Lately, the military has been compelled to intensify its efforts to guard the troops from noise as it has been a plaguing actuality that soldiers and Marines caught in roadside bombings and firefights in Iraq and Afghanistan are coming back home in huge numbers with ringing in their ears or even permanent loss of hearing which is a sad fate. Some experts declare that hearing injury is the first disability in the war on terror to the Department of Veterans Affairs, and sadly it might take so many decades before the true ramifications are defined. Practically 70,000 of the more than one million three hundred thousand more or less troops who have served in the two war zones are collecting disability for tinnitus, a potentially incapacitating ringing in the ears, and 58,000 are on disability for hearing loss as well, sadly. Many people are shocked with the numbers. The use of the insurgency of an extremely fearsome weapon the Pentagon did not fully anticipate which is powerful roadside bombs is one of the biggest explanations. Their blasts cause violent changes in air pressure that can rupture the eardrum and break bones inside the ear.
Also, much of the fighting consists of ambushes, bombings and firefights, which come suddenly and unexpectedly, giving soldiers no time to use their military issued hearing protection. I need to put my ear plugs first, can you wait is something that the soldiers there cannot say. Moreover, many of these great servicemen on watch repudiate the use of such earplugs for fear of dulling their sense of hearing inevitably missing important sounds that truly matter in their duties and mission. It is sad that some, on the other hand, forgot to bring their earplugs before flying off to the war zone while the rest were simply not given any.
It was shared by this former serviceman that the raging war noises remain with him after more than 4 years after the synchronized explosion of 3 terrorizing roadside bombs right near the area of Baghdad. All I could remember was how the ringing in my ears were and it was funny how I did not even feel my leg gone when the bomb went off, he shares. His leg, right under his knee, got blown off in the fateful year of 2003. This man shares that even as he has a prosthetic leg which is as good as new, the awful ringing in his ears are still there.
Sixty percent of US personnel exposed to blasts suffer from permanent hearing loss, and 49 percent also suffer from tinnitus, according to military audiology reports. From complete, total deafness or a firm and loud ringing that destroys the ability of a person to focus, and then down to lighter ones such as the inability to hear whispers or low pitches are basically the degrees of the hearing failure. Sadly, there is no cure for all forms and degrees of hearing loss or tinnitus.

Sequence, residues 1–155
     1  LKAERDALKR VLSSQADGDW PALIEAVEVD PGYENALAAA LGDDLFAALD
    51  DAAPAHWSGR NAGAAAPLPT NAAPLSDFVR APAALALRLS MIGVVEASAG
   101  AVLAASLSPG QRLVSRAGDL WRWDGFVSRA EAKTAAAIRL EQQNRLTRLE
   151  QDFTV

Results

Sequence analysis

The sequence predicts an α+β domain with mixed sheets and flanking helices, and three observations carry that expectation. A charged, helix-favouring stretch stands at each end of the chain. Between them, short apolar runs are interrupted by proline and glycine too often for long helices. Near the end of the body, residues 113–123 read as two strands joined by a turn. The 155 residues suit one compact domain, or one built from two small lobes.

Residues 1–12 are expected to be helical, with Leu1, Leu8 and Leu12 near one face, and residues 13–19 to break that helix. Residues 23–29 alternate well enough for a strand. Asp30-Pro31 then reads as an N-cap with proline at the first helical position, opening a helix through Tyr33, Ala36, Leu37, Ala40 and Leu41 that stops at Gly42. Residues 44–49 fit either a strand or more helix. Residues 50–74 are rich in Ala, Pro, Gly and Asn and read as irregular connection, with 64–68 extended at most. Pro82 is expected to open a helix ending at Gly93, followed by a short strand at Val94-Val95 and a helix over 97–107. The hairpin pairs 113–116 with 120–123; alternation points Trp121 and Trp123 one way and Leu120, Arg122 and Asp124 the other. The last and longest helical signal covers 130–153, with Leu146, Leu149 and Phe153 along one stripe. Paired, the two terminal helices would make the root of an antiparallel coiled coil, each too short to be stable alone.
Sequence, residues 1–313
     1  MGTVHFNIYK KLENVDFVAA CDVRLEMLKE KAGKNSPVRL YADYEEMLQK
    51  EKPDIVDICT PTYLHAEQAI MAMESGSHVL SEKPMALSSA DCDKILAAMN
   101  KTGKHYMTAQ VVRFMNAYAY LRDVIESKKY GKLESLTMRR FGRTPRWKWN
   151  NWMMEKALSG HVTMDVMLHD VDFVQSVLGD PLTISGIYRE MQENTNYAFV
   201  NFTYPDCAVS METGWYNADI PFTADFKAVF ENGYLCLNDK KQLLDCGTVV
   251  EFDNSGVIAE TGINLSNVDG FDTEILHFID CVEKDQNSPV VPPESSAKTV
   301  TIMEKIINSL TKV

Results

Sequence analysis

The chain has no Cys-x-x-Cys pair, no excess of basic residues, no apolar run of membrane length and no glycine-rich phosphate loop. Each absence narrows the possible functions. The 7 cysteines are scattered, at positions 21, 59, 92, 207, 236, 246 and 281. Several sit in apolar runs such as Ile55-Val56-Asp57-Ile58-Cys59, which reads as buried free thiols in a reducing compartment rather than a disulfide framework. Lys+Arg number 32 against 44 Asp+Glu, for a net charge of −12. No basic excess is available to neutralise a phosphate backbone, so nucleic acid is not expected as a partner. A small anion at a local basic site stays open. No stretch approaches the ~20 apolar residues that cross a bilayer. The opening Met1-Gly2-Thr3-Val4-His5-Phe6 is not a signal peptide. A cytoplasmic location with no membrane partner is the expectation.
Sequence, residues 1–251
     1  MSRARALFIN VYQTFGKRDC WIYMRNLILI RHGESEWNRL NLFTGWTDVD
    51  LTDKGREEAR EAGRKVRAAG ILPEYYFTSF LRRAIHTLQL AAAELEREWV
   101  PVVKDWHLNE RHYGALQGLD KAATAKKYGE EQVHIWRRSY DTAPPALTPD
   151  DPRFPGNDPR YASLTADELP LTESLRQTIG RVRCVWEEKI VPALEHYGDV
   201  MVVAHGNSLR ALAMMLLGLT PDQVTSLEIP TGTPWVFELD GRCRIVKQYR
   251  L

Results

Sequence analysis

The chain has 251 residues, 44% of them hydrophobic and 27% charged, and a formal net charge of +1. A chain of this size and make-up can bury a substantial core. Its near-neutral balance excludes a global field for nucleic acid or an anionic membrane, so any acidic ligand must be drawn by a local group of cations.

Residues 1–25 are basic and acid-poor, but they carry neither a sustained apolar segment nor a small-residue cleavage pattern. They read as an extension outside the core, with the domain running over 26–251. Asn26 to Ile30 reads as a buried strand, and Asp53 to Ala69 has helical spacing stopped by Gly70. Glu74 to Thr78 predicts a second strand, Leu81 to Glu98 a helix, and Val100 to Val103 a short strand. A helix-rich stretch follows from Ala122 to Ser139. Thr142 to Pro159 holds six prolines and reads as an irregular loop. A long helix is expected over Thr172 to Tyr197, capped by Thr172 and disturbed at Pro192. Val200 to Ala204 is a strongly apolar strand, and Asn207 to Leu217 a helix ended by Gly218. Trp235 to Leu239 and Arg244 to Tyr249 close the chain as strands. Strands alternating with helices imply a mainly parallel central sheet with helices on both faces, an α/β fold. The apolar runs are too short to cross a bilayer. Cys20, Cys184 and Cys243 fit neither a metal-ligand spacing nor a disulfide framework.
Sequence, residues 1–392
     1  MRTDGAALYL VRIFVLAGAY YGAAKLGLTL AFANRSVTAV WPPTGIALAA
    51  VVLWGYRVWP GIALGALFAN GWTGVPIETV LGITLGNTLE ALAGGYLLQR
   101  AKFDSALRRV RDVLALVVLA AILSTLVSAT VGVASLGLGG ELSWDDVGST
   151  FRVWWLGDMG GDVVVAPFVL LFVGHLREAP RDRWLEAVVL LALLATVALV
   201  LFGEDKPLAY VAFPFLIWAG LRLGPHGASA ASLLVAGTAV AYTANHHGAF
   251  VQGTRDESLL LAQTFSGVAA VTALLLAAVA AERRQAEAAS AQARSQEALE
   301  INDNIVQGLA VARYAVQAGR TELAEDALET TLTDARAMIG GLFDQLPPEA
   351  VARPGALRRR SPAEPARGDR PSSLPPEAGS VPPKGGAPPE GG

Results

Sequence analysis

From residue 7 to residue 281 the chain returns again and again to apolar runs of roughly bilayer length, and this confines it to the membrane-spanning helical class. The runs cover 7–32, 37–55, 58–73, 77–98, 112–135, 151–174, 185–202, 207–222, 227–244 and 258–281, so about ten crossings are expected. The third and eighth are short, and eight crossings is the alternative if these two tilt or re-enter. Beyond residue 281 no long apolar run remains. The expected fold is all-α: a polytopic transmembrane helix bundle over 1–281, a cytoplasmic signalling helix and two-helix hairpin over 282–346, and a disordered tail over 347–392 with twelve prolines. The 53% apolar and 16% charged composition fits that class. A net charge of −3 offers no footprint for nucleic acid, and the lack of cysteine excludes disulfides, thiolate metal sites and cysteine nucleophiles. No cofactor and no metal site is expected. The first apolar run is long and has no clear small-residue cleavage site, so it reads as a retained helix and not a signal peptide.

It is a fact that from World War II and well through the war in Vietnam, hearing damage has been a chief disability among many people. But then according to the figures by the VA, even against the many lessons learned from wars past, the Army troops are still suffering from hearing damage exactly like the veterans from the Second World War have been suffering from. But then there is no comparison to the war in Iraq and the World War II. Artillery barrages and epic tank battles which were all so vast and terrorizing plus the countless bombing raids that all transpired during World War II, it was obvious that this war was really waged to a far larger reach.
With such terrifying weaponry used today, even the best hearing shields can be only effective if administered correctly and even if this is done, it is only partially effective. A pair of $7.40 worth double sided earplugs, with one facet designed to protect from weapons fire and explosions, while the other from aircraft and tank noise were distributed to some members of the Marines. But the Marines were not given instructions in how to use the earplugs, and some cut them in half, while others used the wrong sides, making the devices virtually useless. The earplugs being distributed come with adequate instructions.
State of the art earplugs that contain digital processors that obstruct damaging sound waves from gunshots and explosions and still allow users to hear everyday noises are now being bought and distributed among the members of the Marines and the Navy. For those who would be sent to Iraq and Afghanistan, it is good news that they would be given newly developed one sided earplugs that cost about $8.50, and some of these men have in fact been part of its testing.
Another good thing is that this San Diego based company is working closely with the Navy in developing something that would protect the hearing of the troops, a hearing pill. There was a study back in 2003 participated by five hundred and sixty six respondents who showed that there was about 25 to 27b percent in decrease of permanent hearing failure. We now see that American warfare finally learned to put on the front lines the hearing trained medics and specialists instead of just at field hospitals and in the past three years this has become the first time trend.
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